|Babies this age are very good at expressing their feelings with their gestures, sounds and facial expressions. They can engage in “conversation,” for example, handing things back and forth to you, imitating each other’s sounds and actions.||Help your baby handle her feelings. Comfort her when she cries, acknowledge when she’s frustrated and help her calm down and try again. This helps your child manage her very strong feelings and develop self-control.||How would you describe your baby’s personality? In what ways are you and your baby alike and different?|
|They understand “cause and effect”– that they can make something happen: “If I cry, Mom will come.”||Engage in “circles” of communication with your baby. Keep it going as long as she’s engaged. If she reaches for a book, ask, “Do you want that book?” Wait until she responds, and then hand it to her. See what she does with it and join her without taking over. These “conversations” help boost her overall development—social, emotional, language, intellectual and even motor.||How does your baby let you know what she wants; what she’s thinking and feeling?|
|Thanks to their new memory skills, babies this age know that when you leave, you still exist. This is a very important skill, but also can lead to difficulty when leaving. This is why babies often protest at bedtime and cry out for you in the middle of the night.||Play hide-and-seek games like peek-a-boo. Disappearing and reappearing games like this help your baby learn to cope with separation and feel secure that you always come back.||How does your baby handle it when you leave? What helps make it easier?|
|Babies try to get you to come back by gesturing, crying and calling out.||Be positive when leaving her. Go to her at night to reassure her you are still there but don’t pick her up and rock her back to sleep. Falling asleep in your arms makes it more difficult for her to soothe herself back to sleep if she wakes up again at night. When saying “goodbye,” tell her you will miss her, but that you will return. Make sure she has something that gives her comfort, like her “blankie” or favorite stuffed toy.||What’s hardest for you about being away from your child? Being aware of your own feelings is very important.|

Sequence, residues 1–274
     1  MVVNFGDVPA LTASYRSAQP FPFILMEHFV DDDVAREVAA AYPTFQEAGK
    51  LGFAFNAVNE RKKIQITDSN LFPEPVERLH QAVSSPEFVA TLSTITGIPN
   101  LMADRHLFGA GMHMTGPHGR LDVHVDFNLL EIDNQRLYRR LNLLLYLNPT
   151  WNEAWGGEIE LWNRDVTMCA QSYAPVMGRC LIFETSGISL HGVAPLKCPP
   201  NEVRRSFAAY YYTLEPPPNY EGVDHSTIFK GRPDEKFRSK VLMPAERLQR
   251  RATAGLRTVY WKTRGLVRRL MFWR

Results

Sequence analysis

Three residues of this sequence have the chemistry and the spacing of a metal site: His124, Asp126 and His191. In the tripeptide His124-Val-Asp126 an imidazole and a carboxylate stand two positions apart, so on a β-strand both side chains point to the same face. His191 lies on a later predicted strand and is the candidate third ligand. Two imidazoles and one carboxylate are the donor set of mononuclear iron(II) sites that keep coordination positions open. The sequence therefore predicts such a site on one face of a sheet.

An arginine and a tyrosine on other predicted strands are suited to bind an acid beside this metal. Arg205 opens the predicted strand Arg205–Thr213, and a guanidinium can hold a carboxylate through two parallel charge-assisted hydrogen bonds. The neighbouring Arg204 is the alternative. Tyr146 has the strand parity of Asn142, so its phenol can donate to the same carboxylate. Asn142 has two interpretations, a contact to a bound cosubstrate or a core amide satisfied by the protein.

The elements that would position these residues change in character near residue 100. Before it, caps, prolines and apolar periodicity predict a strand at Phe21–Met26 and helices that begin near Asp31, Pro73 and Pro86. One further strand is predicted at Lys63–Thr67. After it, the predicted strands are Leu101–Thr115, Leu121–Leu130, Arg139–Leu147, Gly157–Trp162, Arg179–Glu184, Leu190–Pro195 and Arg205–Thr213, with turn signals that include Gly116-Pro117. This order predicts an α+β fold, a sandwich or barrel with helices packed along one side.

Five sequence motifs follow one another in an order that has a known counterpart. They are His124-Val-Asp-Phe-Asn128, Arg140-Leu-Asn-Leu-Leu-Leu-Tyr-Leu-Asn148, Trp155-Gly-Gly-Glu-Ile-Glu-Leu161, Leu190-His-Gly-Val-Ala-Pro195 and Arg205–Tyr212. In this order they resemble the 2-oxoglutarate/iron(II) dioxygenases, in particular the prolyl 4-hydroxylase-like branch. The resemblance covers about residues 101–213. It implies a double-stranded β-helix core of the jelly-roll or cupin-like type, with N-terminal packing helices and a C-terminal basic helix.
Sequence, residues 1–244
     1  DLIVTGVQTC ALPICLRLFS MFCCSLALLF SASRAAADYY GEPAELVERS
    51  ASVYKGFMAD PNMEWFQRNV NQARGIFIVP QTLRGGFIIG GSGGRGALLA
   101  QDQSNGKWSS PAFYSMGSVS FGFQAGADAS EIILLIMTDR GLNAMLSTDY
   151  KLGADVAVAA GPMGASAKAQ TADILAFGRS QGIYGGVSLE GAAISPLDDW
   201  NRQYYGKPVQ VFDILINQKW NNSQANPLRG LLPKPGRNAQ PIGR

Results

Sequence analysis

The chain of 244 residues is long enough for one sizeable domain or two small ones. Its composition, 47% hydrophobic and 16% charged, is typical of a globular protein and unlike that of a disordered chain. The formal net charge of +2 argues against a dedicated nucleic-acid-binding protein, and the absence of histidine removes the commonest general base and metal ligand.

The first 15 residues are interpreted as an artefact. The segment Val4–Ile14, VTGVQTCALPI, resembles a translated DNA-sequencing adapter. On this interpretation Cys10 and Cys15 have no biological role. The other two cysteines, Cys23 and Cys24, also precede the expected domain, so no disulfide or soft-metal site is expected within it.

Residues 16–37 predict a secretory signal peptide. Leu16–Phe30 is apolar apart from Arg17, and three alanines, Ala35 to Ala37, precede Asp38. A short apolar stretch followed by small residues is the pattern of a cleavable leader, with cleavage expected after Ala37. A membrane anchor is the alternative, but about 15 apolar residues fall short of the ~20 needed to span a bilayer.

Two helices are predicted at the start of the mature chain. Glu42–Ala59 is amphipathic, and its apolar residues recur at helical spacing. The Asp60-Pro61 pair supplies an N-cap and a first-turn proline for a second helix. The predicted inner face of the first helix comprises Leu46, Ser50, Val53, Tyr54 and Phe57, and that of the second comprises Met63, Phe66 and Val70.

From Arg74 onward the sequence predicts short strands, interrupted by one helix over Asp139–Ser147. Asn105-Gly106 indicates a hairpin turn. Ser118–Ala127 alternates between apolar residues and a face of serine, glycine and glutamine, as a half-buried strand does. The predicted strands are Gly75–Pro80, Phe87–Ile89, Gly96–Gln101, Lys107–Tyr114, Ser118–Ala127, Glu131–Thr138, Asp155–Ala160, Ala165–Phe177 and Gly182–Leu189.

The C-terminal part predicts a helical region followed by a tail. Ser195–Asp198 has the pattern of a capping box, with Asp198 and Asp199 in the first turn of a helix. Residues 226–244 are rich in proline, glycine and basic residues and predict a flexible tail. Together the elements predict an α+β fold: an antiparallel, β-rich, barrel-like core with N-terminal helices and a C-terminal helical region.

|Their ability to move in new ways (crawl, stand, even walk) makes it easier to explore and helps them make new discoveries, such as finding their favorite book under the chair.||Follow your child’s lead. The more she directs the play, the more invested she is and the more she will learn.||What does your baby do well? What does she find challenging? How can you be a partner in helping her face these challenges?|
*About "From Neurons to Neighborhoods"
The report From Neurons to Neighborhoods: The Science of Early Childhood Development was a 22-year effort by a group of 17 leading professionals with backgrounds in neuroscience, psychology, child development, economics, education, pediatrics, psychiatry and public policy. They reviewed what was known about the nature of early child development and the influence of early experiences on children’s health and well-being. The study was sponsored by a number of federal agencies and private foundations.